“Ask about past exhibitions an artist has participated in and ask if they are part of notable collections. If they are more established in their career, check to see if they have featured in a major institution or public gallery exhibits.
Don’t be a slave to trends
Trends in the art world are as fleeting as they are in any other sphere, so beware of hastily jumping on a bandwagon. Instead, consider what makes an artist you’re drawn to unique and ask yourself why you’ll remember them. Because at the end of the day, whether for personal or investment reasons, buying art is all about initial – and lasting – connection.
One of Monk’s memorable picks from the London Art Fair’s up-and-coming group is a Paris-born Belgian-Congolese artist called Tiffanie Delune, who creates multi-layered pieces on cotton canvas, blending dreams and travel memories with symbols of his Métis family.
“Tiffany has a solo show with Ed Cross Fine Art, who often champions underrepresented artists,” she says. “Her unusual story – she is self-taught – and her beautiful paintings are immediately compelling.”
NFTs are all the rage but paper is still king
Predictably, given the context of the Covid-19 pandemic, the act of buying art has become much less impersonal over the past two years. Consequently, there is now a lot of buzz surrounding digital art and NFTs (Baffled? Read our handy explainer).
But also, in response, Monk noticed a growing appetite for physical art and the shared face-to-face experience of visiting a gallery. “Most collectors still buy paintings, drawings and sculptures, with works on paper remaining dominant and taken to new experimental heights,” she says.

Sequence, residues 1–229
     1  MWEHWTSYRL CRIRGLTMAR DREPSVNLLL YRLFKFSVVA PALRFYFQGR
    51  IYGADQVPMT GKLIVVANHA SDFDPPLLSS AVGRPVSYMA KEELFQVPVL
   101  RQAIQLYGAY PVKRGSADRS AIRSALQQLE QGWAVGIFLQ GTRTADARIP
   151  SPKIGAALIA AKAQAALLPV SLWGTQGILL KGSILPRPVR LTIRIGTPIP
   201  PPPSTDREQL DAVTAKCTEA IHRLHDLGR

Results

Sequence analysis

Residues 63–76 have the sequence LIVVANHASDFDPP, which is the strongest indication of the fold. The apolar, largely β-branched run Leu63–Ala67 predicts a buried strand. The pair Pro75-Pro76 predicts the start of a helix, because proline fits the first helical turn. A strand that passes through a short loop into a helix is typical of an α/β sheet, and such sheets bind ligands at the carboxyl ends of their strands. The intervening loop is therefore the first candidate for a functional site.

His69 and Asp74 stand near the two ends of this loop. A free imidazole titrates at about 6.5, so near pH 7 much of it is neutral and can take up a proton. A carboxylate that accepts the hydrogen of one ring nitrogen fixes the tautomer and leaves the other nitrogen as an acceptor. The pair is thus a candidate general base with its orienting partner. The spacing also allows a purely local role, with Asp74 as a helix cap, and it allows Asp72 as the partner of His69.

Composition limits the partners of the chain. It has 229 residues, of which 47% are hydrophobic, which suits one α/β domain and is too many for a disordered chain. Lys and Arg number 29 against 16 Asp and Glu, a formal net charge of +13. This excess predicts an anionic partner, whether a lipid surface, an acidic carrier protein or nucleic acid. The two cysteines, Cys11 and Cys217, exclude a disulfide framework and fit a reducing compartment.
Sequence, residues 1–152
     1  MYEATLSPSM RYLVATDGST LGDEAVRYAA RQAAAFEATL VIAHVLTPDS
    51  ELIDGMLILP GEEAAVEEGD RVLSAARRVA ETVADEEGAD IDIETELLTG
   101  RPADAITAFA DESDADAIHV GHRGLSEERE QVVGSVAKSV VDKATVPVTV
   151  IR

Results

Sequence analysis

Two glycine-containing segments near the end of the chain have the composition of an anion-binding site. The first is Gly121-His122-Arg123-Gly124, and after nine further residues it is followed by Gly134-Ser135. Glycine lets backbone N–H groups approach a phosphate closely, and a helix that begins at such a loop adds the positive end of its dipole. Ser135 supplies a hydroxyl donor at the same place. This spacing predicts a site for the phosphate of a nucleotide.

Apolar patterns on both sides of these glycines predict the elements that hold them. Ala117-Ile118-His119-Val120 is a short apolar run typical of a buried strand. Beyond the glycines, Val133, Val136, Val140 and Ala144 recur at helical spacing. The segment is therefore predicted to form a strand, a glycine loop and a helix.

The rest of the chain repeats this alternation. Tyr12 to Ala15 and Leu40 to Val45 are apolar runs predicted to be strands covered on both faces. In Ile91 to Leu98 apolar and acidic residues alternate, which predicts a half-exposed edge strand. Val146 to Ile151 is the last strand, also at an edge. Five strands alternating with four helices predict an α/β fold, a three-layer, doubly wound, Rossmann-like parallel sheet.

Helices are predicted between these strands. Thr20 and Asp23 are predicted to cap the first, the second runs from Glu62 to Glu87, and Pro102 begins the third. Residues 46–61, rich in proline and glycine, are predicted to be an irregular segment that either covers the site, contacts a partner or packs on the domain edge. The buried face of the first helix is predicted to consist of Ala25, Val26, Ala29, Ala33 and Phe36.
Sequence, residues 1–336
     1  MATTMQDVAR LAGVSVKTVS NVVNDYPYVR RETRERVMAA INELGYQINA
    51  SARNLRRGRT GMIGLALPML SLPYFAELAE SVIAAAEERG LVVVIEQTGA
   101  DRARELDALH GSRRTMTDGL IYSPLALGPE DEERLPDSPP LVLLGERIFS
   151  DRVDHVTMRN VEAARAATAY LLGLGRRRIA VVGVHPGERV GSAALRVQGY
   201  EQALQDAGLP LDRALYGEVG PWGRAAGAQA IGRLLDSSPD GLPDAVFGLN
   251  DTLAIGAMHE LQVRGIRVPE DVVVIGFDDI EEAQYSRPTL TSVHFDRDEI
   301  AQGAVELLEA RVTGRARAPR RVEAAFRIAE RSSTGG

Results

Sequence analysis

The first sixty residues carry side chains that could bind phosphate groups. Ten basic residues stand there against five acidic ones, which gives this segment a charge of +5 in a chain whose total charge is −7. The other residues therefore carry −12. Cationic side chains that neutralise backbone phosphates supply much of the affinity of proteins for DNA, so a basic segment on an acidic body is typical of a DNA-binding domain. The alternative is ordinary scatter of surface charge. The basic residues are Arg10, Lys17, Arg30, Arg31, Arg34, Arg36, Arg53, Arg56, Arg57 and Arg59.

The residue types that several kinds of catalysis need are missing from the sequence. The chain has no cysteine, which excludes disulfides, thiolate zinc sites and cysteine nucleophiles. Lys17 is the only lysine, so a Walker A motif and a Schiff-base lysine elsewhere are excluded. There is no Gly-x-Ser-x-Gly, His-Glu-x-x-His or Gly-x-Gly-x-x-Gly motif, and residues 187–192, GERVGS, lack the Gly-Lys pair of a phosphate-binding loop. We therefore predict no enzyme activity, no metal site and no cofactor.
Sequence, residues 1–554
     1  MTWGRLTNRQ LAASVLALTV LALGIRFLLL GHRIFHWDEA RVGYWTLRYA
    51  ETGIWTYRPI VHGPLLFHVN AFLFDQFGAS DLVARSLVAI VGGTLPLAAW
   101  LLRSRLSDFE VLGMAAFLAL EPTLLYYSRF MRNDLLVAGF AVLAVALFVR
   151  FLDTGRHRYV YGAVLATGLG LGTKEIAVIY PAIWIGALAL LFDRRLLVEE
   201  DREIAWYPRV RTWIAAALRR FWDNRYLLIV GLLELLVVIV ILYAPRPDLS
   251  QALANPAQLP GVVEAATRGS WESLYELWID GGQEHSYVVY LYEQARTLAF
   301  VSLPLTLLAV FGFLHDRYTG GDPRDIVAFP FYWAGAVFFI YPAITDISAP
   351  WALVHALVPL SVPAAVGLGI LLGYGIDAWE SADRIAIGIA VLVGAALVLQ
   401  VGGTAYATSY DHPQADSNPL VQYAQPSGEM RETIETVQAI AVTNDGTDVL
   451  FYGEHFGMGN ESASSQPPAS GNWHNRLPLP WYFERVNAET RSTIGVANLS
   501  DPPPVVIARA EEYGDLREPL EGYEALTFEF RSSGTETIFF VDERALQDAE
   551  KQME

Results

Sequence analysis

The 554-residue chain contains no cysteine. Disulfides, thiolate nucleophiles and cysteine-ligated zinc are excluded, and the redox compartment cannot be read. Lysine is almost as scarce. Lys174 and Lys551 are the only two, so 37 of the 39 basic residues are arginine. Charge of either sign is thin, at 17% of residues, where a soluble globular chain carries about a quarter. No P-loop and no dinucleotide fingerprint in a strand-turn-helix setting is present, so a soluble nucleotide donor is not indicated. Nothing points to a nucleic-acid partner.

There are no NFTs for sale at this year’s London Art Fair, but several discussions of the colliding worlds of art and technology feature in the 2022 program, so it’s certainly going with the times.
“One of the things people love most about the art world is that it’s always been controversial,” Monk says. “Trends come and go, but it’s great to discuss these new arenas and show that we are thinking and involved in the current conversation.”
Don’t be afraid to ask questions
If you’re attending your first art fair, rest assured that no question is too silly.
“Our gallery owners are true experts in their field,” says Monk. “They are extremely passionate and skilled in their field.
“Part of the reason the London Art Fair is so successful is that galleries are delighted to have the opportunity to come together with a community of art lovers and collectors, talk about their artists and to present new names. So ask your questions freely.
Buying online is much safer than before
The experience of seeing art in real life is unbeatable, but the pandemic has forced galleries to become more digital savvy. Most have now developed safe and user-friendly websites and social media platforms that cater to online shopping needs.
Many galleries are now sharing videos of their artists working in their studios, allowing collectors to get a clearer picture of who they are, and on the London Art Fair website viewers can zoom in really close to examine the surface of a presented work of art and see its color and texture come to life.
Monk keeps screaming Artscape, a new digital platform for art collecting that provides a trusted environment to explore and purchase fine art. Every work of art offered for sale undergoes due diligence to ensure security and transparency, backed up by certificates of authenticity and provenance on the blockchain.
“This means that if a collector is based overseas or is unable to make the trip to London, there are always ways for them to fall in love with something in our showrooms, to enter connecting with galleries and giving the artwork a new home,” she says.
“Buying online can certainly complement physical visits to galleries and art fairs.”
The London Art Fair returns to the Business Design Center in Islington from 20-24 April 2022.